Our Daily Bread — But I’m Telling You

Bible in a Year:

But I tell you, love your enemies.

Matthew 5:44

Today’s Scripture & Insight:

Matthew 5:43–48

“I know what they’re saying. But I’m telling you . . .” As a boy, I heard my mother give that speech a thousand times. The context was always peer pressure. She was trying to teach me not to follow the herd. I’m not a boy any longer, but herd mentality’s still alive and kicking. A current example is this phrase: “Only surround yourself with positive people.” Now while that phrase may be commonly heard, the question we must ask is: “Is that Christlike?”    

“But I’m telling you . . .” Jesus uses that lead-in a number of times in Matthew 5. He knows full well what the world is constantly telling us. But His desire is that we live differently. In this case, He says, “Love your enemies and pray for those who persecute you” (v. 44). Later in the New Testament, the apostle Paul uses that very word to describe guess who? That’s right: us—“while we were God’s enemies” (Romans 5:10). Far from some “do as I say, not as I do,” Jesus backed up His words with actions. He loved us, and gave His life for us.

What if Christ had only made room in His life for “positive people”? Where would that leave us? Thanks be to God that His love is no respecter of persons. For God so loved the world, and in His strength we are called to do likewise. 

By:  John Blase

Reflect & Pray

When’s the last time someone extended love to you when you weren’t “positive”? What’s a tangible way today that you can show love to an enemy?

Father, it’s tempting to surround myself with only those who love me. But that’s not living, at least not the kind of living You desire for me. Help me to love even my enemies.


Grace to You; John MacArthur – Embracing the Truth

“In Him, you also, after listening to the message of truth, the gospel of your salvation—having also believed” (Eph. 1:13).

The gospel is true because Jesus is true, not simply because Christians believe in Him.

After stating salvation from God’s perspective in verse 12, Paul here states it from man’s perspective. Faith in Christ is your response to God’s elective purpose in your life. Those two truths—God’s initiative and man’s response—co-exist throughout Scripture.

Paul rightly called the gospel “the message of truth” because truth is its predominant characteristic. Salvation was conceived by the God of truth (Ps. 31:5); purchased by the Son, who is the truth (John 14:6); and is applied by the Spirit of truth (John 16:13). To know it is to know the truth that sets men free (John 8:32). Believers are people of the truth (John 18:37), who worship God in spirit and in truth (John 4:24), and who obey the Word of truth (John 17:17).

Yet as profound and powerful as God’s truth is, people have rejected, neglected, redefined, and opposed it for centuries. Some, like Pilate, cynically deny that truth even exists or that it can be known by men (John 18:38). Others foolishly think that denying truth will somehow make it go away.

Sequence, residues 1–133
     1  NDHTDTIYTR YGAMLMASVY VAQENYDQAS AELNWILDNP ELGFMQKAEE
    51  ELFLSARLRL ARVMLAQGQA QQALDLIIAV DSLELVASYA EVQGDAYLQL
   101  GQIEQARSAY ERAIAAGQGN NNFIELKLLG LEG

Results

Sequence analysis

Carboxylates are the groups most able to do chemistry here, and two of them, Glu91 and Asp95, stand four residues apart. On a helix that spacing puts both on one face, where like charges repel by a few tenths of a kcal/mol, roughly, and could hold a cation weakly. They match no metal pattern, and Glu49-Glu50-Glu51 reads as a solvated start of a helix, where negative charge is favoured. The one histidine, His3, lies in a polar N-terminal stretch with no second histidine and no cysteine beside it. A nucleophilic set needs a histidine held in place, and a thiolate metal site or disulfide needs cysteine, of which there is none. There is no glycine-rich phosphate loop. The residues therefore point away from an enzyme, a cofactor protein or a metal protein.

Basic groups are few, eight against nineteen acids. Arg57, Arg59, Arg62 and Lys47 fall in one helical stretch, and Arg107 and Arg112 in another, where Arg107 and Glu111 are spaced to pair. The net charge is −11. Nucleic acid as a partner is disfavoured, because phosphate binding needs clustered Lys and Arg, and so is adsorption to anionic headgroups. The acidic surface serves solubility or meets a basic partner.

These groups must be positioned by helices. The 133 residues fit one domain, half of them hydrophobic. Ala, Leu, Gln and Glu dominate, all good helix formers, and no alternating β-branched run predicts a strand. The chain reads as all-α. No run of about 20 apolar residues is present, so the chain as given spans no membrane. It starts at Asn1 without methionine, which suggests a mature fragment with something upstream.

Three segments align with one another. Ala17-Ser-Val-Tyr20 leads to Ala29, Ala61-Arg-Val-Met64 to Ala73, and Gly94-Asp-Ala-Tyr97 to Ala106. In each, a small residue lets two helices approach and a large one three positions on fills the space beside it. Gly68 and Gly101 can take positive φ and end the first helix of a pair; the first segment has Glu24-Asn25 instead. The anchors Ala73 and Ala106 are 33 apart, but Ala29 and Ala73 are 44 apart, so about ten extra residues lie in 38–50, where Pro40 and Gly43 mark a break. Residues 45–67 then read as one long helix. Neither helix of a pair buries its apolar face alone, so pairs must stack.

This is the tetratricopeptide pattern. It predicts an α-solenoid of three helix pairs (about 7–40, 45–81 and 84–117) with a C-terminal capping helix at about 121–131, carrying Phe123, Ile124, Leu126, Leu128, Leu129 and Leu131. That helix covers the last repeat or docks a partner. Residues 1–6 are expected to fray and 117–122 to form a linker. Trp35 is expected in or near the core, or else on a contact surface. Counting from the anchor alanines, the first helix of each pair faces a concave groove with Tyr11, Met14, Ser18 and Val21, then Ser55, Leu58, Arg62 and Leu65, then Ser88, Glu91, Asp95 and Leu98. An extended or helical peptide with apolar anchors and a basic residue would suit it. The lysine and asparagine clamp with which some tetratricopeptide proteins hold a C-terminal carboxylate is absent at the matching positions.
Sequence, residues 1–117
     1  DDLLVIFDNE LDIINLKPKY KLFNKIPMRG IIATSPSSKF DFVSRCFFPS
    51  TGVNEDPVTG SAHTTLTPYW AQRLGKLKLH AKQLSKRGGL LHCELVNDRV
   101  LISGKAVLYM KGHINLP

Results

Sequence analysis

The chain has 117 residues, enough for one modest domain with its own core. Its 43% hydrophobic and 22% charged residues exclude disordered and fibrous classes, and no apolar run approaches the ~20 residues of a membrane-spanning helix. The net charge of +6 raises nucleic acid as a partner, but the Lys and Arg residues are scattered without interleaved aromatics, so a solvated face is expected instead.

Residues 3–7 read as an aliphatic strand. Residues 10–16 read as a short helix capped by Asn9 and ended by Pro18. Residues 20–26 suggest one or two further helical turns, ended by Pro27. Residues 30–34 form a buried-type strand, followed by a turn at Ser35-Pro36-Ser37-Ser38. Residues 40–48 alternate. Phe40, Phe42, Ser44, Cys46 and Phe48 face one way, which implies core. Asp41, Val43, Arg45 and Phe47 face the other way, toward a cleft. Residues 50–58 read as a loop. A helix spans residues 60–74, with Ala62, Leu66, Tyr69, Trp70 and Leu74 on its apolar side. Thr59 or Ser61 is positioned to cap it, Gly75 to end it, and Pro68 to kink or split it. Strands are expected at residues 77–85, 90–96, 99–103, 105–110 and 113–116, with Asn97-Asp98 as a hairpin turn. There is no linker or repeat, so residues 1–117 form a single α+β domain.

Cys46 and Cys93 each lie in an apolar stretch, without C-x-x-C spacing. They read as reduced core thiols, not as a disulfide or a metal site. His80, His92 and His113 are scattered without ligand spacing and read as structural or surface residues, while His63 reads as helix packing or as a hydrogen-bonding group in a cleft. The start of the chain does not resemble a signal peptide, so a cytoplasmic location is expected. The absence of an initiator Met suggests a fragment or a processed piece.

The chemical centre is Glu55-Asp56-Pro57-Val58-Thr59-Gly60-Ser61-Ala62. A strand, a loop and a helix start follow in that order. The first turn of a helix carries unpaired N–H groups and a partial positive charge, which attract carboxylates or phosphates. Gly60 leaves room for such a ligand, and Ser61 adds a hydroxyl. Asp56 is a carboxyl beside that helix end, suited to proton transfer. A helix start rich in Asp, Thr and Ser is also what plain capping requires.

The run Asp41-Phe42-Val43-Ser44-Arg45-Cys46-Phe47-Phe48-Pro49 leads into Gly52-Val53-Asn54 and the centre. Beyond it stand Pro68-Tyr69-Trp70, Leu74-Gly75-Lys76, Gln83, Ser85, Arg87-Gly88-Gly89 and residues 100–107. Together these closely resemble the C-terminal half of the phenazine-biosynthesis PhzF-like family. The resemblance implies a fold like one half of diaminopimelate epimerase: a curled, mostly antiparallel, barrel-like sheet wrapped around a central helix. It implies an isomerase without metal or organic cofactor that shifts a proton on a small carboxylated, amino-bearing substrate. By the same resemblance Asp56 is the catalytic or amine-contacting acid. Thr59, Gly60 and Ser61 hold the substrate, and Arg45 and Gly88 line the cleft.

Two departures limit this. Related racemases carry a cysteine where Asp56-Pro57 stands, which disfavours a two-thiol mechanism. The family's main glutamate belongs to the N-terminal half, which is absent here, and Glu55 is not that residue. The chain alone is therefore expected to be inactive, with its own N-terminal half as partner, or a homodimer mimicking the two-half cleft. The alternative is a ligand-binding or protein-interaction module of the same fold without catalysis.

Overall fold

Perhaps you’ve heard someone say, “Jesus may be true for you but that doesn’t mean He has to be true for me.” That view assumes that belief somehow determines truth. But just the opposite is the case. Truth determines the validity of one’s belief. Believing a lie doesn’t make it true. Conversely, failing to believe the truth doesn’t make it a lie.

The gospel is true because Jesus is true, not simply because Christians believe in Him. His resurrection proved the truth of His claims and constitutes the objective basis of our faith (Rom. 1:41 Pet. 1:3).

You enter this day armed with the message of truth and empowered by the Spirit of truth. Truth is your protection and strength (Eph. 6:14). Lost souls desperately need to hear that truth. Represent it well and proclaim it with boldness.

Suggestions for Prayer

  • Thank the Lord that by His Spirit He has enabled you to understand His truth (1 Cor. 2:14-16).
  • Ask for wisdom and boldness to speak His truth in love (Eph. 4:15).

For Further Study

Read 1 Corinthians 15:1-11 and Acts 17:30-31.

  • What key elements of the gospel does Paul list?
  • What is the relationship between Christ’s resurrection and God’s judgment on sinners?

From Drawing Near by John MacArthur


Joyce Meyer – Trusting When You Cannot See

Those who know your name trust in you, for you, Lord, have never forsaken those who seek you.

— Psalm 9:10 (NIV)

We can expect to face various tests as God trains us in spiritual maturity. One of them is the “trust test.” We must learn to trust God in all things, even—and especially—when we do not understand what is happening in our lives.

I’m sure you have at times asked God, “Why am I going through this?” or “Lord, what are You doing in my life through these circumstances?” You may have said, “God, I just don’t understand!” Growing in spiritual maturity means not allowing situations you do not understand to cause you to give up on God or to doubt His love for you. It means learning to say, “This must be a test. God is teaching me to trust Him.”